Thursday, 7th December 2023

Shower gardens

By Sereba Agiobu-Kemmer
11 November 2017   |   4:20 am
Growing plants in the bathroom has surprisingly many advantages. Not only do they help purify the air, they have the ability to eliminate bacteria and absorb excess moisture.

Growing plants in the bathroom has surprisingly many advantages. Not only do they help purify the air, they have the ability to eliminate bacteria and absorb excess moisture. They can turn your bathroom into a calming, spa-like space where you can de-stress. What is more if you’re looking for bathroom décor that is simple, elegant and cheap or looking for ways to bring a little bit of beautiful green nature to different parts of your home, try raising some or all of these indoor plants that are known to thrive in steamy humid and low light conditions. The typical low light, high humidity, and warmth of the bathroom is exactly what most tropical house plants are missing in their lives beyond their natural forest habitat. As natives of tropical forests, they love humidity and will thrive in the steamy confines of a bathroom.

They will also grow in indirect sunlight because in the tropical forest, the tree canopy constantly filters the light. They all will grow in indirect sunlight from a window or skylight which should be enough to make them happy. They also like the same indoor temperatures as most people (55-75 degree F). Few may require a bit more pampering but nothing extreme.There is a trick to keeping house plants thriving in dryer climates: it’s the bathroom. So if your house plants are struggling, gather them up and put them in the bathroom. Then again, if replacing your tiles or installing a new vanity cabinet lies outside your budget, you can afford this one truly luxurious upgrade- transforming your bathroom into a tropical paradise with plants.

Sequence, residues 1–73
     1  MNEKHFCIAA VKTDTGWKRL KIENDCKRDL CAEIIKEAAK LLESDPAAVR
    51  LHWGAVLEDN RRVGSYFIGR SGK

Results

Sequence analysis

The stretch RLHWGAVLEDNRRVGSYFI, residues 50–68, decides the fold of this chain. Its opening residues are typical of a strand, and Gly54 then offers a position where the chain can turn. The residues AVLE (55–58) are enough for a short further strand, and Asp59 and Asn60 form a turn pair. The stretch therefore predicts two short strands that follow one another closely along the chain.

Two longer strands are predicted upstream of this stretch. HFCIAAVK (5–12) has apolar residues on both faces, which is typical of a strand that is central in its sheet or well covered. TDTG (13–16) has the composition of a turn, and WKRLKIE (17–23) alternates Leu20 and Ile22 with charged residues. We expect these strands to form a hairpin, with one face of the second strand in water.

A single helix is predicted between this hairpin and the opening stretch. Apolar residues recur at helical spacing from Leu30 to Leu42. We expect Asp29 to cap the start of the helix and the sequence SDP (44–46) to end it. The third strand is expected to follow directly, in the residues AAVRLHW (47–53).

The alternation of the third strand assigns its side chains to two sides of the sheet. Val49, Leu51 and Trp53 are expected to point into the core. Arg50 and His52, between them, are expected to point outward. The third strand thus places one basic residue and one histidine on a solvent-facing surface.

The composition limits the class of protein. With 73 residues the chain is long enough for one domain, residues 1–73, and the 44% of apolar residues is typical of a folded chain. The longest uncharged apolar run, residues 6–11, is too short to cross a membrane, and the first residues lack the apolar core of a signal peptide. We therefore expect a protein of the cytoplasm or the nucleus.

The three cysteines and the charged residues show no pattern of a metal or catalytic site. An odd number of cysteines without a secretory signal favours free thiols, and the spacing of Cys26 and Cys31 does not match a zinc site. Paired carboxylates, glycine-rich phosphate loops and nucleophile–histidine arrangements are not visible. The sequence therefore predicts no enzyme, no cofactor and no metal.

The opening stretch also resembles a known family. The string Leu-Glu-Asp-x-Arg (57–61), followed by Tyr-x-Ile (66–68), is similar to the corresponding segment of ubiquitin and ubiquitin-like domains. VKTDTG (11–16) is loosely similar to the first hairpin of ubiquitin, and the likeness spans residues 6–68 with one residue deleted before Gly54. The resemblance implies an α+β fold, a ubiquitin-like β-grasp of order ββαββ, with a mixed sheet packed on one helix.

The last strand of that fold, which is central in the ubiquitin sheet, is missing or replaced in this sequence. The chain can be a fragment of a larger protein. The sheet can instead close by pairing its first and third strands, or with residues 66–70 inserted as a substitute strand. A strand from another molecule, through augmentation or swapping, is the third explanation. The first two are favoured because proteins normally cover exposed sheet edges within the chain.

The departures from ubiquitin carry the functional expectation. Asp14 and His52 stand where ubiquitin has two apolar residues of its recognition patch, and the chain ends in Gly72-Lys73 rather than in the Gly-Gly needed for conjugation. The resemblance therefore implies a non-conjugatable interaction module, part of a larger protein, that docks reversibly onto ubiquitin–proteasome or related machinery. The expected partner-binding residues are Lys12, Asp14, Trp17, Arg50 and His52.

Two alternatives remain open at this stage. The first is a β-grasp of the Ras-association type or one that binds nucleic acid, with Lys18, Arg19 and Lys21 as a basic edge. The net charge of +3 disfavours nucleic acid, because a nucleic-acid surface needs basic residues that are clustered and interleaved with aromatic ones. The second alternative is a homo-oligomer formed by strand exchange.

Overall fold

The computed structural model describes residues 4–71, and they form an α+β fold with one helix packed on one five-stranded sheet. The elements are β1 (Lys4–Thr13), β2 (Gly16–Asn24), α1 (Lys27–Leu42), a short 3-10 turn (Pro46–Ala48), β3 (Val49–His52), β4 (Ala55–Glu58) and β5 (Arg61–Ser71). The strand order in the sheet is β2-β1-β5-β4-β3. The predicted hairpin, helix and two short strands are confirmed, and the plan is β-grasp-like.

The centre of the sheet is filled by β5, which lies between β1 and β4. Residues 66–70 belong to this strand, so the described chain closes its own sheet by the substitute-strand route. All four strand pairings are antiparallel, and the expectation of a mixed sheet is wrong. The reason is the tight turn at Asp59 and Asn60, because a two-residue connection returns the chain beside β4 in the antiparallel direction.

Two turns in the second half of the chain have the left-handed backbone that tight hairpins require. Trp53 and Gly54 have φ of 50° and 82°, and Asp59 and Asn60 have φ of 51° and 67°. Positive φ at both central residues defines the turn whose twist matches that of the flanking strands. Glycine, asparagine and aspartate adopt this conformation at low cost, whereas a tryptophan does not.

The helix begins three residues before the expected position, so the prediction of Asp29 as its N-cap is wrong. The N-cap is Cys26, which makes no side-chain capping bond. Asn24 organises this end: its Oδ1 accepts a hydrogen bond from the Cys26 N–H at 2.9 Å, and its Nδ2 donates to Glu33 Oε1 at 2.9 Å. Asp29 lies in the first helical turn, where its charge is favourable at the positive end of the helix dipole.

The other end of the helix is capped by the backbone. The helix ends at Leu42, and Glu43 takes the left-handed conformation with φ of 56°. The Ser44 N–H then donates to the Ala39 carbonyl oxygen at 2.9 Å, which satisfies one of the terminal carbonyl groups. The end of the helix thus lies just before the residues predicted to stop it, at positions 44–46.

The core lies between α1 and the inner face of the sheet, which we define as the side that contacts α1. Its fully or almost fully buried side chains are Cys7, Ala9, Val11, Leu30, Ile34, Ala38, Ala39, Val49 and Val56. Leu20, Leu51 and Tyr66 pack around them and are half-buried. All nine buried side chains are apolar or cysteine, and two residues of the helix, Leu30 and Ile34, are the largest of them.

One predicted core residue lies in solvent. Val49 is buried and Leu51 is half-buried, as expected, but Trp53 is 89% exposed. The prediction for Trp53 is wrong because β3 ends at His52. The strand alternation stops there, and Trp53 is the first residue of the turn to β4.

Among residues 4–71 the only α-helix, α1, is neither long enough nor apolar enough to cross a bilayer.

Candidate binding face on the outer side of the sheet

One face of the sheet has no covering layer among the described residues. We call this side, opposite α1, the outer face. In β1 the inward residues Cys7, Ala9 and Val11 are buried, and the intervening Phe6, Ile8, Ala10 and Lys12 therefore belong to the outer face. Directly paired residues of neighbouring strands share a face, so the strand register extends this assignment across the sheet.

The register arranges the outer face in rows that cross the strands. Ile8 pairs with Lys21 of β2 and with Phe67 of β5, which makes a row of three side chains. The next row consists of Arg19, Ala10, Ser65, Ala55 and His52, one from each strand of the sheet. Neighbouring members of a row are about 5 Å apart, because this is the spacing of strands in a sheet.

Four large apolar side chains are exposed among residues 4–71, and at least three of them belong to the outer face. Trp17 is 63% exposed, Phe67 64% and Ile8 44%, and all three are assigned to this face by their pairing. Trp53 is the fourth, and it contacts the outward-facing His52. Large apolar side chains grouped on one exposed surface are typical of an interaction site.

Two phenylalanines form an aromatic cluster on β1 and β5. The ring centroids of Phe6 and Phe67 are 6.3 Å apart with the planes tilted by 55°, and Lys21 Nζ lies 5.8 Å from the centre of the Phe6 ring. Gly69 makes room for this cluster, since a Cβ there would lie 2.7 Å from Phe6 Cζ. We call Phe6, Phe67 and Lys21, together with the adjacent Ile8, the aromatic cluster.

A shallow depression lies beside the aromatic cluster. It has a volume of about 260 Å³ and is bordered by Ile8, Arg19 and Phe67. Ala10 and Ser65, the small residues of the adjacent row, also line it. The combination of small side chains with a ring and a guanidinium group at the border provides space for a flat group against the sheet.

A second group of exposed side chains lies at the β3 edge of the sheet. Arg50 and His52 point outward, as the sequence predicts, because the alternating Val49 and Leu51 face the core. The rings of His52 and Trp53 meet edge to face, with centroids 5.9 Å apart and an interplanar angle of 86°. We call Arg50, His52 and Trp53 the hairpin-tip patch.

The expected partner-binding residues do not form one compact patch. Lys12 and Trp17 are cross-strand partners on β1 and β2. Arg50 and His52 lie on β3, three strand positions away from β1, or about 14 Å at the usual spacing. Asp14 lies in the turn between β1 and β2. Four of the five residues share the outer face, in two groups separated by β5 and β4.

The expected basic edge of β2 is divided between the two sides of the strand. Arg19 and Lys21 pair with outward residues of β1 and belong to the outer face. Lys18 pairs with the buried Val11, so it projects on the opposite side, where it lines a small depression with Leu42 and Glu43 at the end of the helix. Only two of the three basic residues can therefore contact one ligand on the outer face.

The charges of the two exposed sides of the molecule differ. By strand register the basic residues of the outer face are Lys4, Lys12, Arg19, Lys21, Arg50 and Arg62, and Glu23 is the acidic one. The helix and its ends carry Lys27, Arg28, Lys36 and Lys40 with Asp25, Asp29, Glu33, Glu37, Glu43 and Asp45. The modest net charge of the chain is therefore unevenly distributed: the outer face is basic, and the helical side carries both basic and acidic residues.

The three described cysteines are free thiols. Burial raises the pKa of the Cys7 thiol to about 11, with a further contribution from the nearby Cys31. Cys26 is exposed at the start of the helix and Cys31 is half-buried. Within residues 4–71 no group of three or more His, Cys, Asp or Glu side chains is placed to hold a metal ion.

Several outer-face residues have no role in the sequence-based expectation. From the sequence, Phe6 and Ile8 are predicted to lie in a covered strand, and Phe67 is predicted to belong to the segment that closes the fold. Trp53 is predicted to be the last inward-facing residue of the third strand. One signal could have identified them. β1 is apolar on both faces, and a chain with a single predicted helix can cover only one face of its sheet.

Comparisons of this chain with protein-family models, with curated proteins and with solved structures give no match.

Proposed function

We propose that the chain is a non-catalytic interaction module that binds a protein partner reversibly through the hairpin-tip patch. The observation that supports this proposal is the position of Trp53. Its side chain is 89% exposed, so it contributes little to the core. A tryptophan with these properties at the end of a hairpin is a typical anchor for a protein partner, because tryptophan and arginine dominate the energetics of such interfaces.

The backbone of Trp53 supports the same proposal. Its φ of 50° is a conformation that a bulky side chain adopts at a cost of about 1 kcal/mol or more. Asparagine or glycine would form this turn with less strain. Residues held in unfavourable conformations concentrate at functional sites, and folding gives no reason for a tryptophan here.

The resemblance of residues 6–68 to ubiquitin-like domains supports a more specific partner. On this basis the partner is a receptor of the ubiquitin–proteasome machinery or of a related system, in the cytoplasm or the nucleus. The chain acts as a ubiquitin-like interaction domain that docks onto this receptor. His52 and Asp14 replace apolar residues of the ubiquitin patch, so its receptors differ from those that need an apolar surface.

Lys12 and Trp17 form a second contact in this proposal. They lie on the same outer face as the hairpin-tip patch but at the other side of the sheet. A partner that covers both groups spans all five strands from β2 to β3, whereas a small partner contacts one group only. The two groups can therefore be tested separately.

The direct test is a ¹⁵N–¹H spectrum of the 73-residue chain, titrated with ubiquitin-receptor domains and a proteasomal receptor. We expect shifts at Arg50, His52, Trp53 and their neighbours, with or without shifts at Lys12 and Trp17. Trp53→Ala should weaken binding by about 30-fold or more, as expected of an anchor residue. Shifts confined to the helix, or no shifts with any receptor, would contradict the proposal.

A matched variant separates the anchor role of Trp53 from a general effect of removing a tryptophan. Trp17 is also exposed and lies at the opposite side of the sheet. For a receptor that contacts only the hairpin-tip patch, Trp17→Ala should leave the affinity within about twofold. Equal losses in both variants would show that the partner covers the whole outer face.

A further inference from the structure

Indoor plants are usually found in entryways, living rooms and kitchen, keeping a small plant on the office desk is not unheard of either (and is actually recommended by health professionals) But why limit your green thumb to only these area?
These houseplants pretty much grow themselves.

Aloe Vera
Add to your first aid arsenal a low maintenance Aloe Vera plant. The sap from Aloe Vera is used to heal minor cuts and burns and also as a skin moisturiser . While it is a very useful plant, it is also very attractive. It is also easy to propagate by repotting the pups. Plant your Aloe Vera in a terra cotta pot that will support the top heavy growth and encourage air circulation. As a succulent, it needs little water, but prefers bright indirect sunlight, especially in cooler temperatures. An Aloe plant will grow in the same pot for years, if you do decide to use the leaves, don’t remove more than a third of the plant, at one time.

Orchids while a bit temperamental, pack so much tropical punch- after all they keep their gorgeous blooms for months. The damp, warm conditions in most bathrooms are perfect environment for this glamorous plants, which grow on bark instead of soil and prefer that material is damp but not wet.

There are different varieties (or breeds) of orchids. For ease of care, try an orchid of the Phalaenopsis, Dendrobium, Paphiopedilum varieties. These orchids do particularly well in bathroom as long as it is well ventilated. This will help protect the orchids from mould and rot due to too much moisture.

Snake Plants